And, as for social media channels, I actually don’t recommend that as a solution.  So I can’t really speak to which ones help remote workers.  Social media can be fun and provide interesting interactions.  But unless it’s with people you know through some other channels, it creates relatively superficial relationships.  These aren’t the sorts of things that help you close six figure deals.  (And that’s exactly what programming jobs are.)

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DaedTech Digest: Spring Training, Log Appenders, and Retiring Feature Flags

Happy Friday, everybody.  As always, I bring you another DaedTech Digest post where I go on a bit about the vagabond lifestyle, make some picks and link you to some posts I wrote about tech.  Last week, I chronicled our move to Phoenix for a month.  This week, we have a week of living in Phoenix under our belts.

It’s an insanely busy time right now for Hit Subscribe and the entire point of our trip was to attend a bunch of Cubs games for spring training.  I am succeeding on both fronts, which creates an interesting, manic work and recreation dynamic.  We’re going to baseball games every day, and basically working every moment we’re not at baseball games, including weekends.

Truth be told, it actually suits me pretty well.  I like our work, building businesses and watching baseball.

Here’s a screenshot of the experience in a nutshell (at least the baseball portion).  Beautiful weather, palm trees in the desert, the Cubs logo on the scoreboard, and a low-key, relatively intimate setting in the ballpark every night that includes picnic blankets on the lawn in the outfield, if you’re sitting out there.  There are also lots of mountains in the background (not pictured).


  • My wife and I have been listening to this book, “Built To Sell,” on Audible, about structuring a business so that you could sell it.  It’s really interesting, and it delivers on the title premise, but that’s not the valuable part, at least for me.  The real value, as far as I’m concerned, is how to take a generalized service-based business and turn it into a company that offers a productized-servie and behaves more like a product company.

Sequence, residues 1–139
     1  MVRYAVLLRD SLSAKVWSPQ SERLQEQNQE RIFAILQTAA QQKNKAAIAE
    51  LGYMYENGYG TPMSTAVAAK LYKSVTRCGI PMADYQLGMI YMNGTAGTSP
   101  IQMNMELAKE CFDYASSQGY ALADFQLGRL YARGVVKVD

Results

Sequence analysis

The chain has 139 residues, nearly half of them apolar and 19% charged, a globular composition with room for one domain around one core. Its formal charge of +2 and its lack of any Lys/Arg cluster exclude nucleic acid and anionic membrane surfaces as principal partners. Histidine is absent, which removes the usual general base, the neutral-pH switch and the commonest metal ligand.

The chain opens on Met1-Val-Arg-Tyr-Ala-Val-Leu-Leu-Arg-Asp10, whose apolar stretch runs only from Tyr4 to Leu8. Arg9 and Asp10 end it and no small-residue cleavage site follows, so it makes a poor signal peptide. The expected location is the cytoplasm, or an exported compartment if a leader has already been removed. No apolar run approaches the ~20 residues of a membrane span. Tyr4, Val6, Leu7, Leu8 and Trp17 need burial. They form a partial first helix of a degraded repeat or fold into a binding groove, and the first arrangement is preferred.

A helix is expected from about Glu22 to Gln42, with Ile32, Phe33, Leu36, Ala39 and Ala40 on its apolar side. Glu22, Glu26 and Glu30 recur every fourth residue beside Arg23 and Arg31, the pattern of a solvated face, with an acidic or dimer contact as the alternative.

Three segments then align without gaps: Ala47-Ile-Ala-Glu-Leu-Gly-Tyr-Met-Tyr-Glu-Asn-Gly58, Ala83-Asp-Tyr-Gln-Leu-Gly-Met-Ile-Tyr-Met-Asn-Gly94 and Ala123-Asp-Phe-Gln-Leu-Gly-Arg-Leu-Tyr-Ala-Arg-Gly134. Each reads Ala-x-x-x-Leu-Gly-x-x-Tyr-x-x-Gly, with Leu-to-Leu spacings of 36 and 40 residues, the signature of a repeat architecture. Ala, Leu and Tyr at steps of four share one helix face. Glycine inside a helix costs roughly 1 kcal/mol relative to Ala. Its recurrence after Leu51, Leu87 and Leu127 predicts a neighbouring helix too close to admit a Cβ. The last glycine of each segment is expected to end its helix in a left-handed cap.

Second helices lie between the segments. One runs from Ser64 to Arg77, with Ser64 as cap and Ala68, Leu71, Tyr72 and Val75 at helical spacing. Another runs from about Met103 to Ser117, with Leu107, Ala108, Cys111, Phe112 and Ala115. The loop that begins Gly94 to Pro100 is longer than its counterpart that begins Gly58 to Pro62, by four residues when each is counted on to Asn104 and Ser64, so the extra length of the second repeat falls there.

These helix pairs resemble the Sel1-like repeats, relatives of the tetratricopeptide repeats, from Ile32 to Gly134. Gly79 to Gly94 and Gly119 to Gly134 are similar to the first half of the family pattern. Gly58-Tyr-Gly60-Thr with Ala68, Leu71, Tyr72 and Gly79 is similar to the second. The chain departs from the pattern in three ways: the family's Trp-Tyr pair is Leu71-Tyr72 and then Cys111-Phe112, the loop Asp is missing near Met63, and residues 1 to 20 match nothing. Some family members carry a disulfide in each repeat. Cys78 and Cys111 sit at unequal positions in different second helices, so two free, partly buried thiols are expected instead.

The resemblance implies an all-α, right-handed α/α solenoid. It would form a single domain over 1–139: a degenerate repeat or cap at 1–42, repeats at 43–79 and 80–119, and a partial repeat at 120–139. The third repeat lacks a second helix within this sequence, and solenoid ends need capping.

• I’m going to pick the combination of Farmers Insurance and this Jeep Dealership.  Apparently a fuel pump gave out on my Jeep the other day, causing it not to start.  I called Farmers and they sent a free tow out to take my car to the dealership, which replaced the part for free because it had a recall.  All of that was pretty nice, but the thing that impressed me across the board was how smooth the tech made it.  I was able to monitor the progress of the tow truck driver on my phone while I waited, and the dealership was ready for me with information already in the system from my VIN and records at my home dealership.  An incredibly smooth experience, given the circumstances.
  • If you’re ever in Phoenix and you want a place to go work, Sip (link removed because their site got hacked) has got you covered.  They feature a Starbucks-esque coffee scene, but also craft beers and cocktails as well as a nice light fare menu.  So, if you’re a vagabonder looking for some ambiance and wifi, you can spend your morning and afternoon with coffee and your work, and finish the day with beer and your work.

The Digest

As always, have a good weekend, and thanks for reading!